The Court of Appeal of England and Wales recently considered the burden of proof faced by a claimant in a discrimination claim. In Efobi v Royal Mail Group Limited, the Claimant, a joint Irish and Nigerian citizen and employee of the Royal Mail, brought proceedings for both direct and indirect discrimination under the UK Equality Act 2010 in relation to 22 unsuccessful applications to transfer to other divisions of the Royal Mail's operations.
UK Employment Tribunal's Decision
An UK Employment Tribunal (ET) found that there had been no direct discrimination with respect to the job applications. It considered the two stage test enunciated in section 136(2) and (3) of the 2010 Act:
(2) If there are facts from which the court could decide, in the absence of any other explanation, that a person (A) contravened the provision concerned, the court must hold that the contravention occurred.
(3) But subsection (2) does not apply if A shows that A did not contravene the provision.
In applying the test, the ET concluded that the Claimant had failed to adduce sufficient evidence to discharge the burden at stage one (subsection 2), and that, in any event, the Royal Mail had disproved any suspicion of discrimination at stage two (subsection 3).
On Appeal to the UK EAT
The Claimant appealed to the UK EAT. Contrary to established authorities, the EAT held that section 136 of the Act did not require the Claimant to establish, as a preliminary step, a prima facie case. Rather, the EAT concluded that the tribunal was required to consider all of the evidence presented over the course of the hearing, from all sources, in order to determine whether discrimination had occurred. The EAT found that the ET had erred in law in imposing the burden of proof at stage one (subsection 2). It remitted the case back to another ET division in order to consider the issue of direct discrimination de novo.
The Court of Appeal's Decision
The Royal Mail appealed the EAT's decision to the Court of Appeal of England and Wales. In its judgment, the Court of Appeal rejected the conclusion reached by the EAT and affirmed the judgment of the ET. It found that the Claimant had neither (i) supported his claims with sufficient factual evidence nor (ii) pointed to a specific comparator against whom he could be compared.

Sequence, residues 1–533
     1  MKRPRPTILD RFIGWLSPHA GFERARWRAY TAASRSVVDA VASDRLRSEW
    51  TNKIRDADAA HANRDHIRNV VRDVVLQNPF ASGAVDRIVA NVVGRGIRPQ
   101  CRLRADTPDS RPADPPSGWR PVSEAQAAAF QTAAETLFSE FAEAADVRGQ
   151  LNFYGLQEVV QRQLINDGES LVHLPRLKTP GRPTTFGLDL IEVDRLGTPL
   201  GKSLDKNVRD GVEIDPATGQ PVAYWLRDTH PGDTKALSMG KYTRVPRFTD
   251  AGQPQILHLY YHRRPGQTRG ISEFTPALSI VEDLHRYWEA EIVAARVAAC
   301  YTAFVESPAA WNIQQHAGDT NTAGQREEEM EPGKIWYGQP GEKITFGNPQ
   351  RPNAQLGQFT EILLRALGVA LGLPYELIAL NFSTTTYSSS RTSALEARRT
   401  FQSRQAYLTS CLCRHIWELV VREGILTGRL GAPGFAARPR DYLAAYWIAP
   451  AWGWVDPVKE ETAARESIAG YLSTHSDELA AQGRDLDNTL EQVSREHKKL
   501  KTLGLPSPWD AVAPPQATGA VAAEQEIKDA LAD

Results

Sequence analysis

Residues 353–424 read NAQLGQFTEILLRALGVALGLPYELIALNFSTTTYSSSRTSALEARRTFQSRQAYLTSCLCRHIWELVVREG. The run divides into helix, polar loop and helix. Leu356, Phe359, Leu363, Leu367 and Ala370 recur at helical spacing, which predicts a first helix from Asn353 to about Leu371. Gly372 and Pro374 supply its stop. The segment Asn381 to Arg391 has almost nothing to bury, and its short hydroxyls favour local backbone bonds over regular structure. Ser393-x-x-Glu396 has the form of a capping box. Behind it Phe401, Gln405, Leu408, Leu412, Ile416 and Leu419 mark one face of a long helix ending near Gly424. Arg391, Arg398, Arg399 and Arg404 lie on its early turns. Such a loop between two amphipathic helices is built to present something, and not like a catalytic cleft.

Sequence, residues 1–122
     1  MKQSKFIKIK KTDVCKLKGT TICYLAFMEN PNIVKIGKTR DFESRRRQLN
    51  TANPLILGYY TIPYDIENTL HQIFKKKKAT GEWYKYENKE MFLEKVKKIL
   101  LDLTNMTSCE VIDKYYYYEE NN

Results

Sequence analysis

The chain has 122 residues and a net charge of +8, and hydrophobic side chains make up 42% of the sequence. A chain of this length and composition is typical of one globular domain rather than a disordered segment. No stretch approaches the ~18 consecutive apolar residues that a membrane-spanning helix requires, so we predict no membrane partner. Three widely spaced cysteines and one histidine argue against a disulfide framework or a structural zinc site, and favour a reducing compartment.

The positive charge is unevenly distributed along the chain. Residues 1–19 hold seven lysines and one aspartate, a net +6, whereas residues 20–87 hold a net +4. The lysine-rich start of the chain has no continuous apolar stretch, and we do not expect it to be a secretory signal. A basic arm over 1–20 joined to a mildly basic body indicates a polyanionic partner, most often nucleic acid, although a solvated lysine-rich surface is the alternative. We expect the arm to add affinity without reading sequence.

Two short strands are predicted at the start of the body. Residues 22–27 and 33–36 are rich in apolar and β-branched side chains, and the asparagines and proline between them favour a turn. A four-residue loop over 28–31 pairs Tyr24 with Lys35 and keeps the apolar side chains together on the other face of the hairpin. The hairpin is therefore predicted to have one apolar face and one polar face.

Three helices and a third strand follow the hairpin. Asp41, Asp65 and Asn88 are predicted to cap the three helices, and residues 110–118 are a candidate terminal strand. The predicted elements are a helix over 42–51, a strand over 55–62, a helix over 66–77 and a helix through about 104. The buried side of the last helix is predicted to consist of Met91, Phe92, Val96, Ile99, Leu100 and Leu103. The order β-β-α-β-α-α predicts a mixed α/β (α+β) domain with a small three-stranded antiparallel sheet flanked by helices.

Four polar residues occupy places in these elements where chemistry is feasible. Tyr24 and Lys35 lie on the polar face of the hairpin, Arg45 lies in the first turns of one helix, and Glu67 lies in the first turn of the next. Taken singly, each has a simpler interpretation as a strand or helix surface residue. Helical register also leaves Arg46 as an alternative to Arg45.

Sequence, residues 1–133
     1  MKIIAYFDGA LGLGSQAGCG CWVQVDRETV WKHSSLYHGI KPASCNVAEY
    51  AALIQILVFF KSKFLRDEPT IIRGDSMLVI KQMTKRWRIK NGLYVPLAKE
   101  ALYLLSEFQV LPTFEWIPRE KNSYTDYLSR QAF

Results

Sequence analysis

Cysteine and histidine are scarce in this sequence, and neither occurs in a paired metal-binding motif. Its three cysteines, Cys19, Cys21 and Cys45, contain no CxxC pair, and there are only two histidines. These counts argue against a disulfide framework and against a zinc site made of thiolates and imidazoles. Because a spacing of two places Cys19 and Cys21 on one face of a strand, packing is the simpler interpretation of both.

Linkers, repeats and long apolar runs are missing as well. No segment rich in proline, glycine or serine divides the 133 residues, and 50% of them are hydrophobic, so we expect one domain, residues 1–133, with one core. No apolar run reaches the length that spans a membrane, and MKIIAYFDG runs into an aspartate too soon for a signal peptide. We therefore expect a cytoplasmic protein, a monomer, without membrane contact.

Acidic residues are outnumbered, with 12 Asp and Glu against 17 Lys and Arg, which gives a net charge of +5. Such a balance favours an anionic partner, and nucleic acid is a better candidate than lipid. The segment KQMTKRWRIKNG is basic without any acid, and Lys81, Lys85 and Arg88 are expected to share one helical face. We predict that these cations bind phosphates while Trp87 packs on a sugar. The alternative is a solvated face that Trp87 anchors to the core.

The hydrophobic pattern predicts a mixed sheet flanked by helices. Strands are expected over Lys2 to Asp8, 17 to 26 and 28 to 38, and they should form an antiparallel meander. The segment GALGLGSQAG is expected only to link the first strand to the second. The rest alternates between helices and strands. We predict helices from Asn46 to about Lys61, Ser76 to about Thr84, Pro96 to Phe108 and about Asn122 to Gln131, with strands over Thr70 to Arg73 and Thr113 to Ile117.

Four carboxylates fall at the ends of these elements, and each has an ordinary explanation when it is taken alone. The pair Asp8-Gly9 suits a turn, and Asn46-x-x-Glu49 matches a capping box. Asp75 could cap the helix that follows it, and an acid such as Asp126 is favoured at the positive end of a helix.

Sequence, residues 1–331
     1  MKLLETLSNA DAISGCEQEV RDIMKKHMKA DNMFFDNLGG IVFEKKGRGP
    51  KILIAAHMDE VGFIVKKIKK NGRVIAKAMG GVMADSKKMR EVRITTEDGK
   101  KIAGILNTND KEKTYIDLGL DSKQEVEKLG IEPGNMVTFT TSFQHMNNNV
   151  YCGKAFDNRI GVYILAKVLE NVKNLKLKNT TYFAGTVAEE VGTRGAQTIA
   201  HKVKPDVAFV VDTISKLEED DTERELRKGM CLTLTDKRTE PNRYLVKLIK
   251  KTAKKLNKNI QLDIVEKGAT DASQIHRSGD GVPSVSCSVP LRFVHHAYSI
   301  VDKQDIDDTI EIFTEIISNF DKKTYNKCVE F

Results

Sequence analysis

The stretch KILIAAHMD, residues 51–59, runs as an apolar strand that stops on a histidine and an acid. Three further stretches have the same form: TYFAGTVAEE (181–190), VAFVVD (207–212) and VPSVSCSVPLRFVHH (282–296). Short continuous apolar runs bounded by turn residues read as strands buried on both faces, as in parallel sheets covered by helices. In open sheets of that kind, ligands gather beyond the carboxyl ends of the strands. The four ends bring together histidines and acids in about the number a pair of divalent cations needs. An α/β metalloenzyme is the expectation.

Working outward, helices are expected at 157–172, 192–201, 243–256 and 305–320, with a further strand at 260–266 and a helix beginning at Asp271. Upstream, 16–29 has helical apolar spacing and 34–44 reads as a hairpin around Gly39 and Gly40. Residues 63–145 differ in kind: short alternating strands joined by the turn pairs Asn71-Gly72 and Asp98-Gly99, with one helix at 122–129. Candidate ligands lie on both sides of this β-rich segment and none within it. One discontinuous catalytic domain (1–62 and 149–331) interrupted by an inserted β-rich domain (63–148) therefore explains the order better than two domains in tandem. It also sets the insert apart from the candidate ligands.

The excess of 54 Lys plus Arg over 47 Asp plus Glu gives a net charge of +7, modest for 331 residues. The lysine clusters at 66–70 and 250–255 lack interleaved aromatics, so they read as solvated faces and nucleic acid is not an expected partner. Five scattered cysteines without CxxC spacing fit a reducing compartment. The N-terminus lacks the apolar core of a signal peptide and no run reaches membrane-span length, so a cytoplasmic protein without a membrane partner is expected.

In concluding that the ET had been manifestly entitled to reach the conclusion that it had, the Court of Appeal lamented what it deemed the EAT's "erroneous" analysis of the Act. Ultimately, the Claimant could not succeed as he had failed to adduce evidence to enable the ET to identify an appropriate comparator, and therefore to determine whether he had a prima facie case of discrimination.
In Ireland, section 85A of the Employment Equality Acts 1998 to 2015 provides:
(1) Where in any proceedings facts are established by or on behalf of a complainant from which it may be presumed that there has been discrimination in relation to him or her, it is for the respondent to prove the contrary.
Thus, the claimant must establish a prima facie case of discrimination, i.e. the claimant must establish both the primary facts upon which he or she relies and that those facts are of sufficient significance to raise an inference of discrimination.
Advice to Employers
This case provides clarity on the burden of proof that rests on complainants when bringing claims of direct discrimination. Although obviously a decision of the Courts of England and Wales, and decided by reference to UK legislation, there are some useful learnings in an Irish context.
When recruiting for positions, whether internally or externally, employers must:
1. be cognisant of the nine grounds of discrimination set out in the Employment Equality Acts 1998 to 2015 when setting out selection criteria;
2. ensure that selection criteria can be plainly and objectively justified and are unrelated to those nine grounds; and
3. keep detailed records of decisions made (rationale/scoring sheets for short-listing/not short-listing, scoring criteria/marks at interview, interview notes, etc) during a recruitment process.
This article contains a general summary of developments and is not a complete or definitive statement of the law. Specific legal advice should be obtained where appropriate.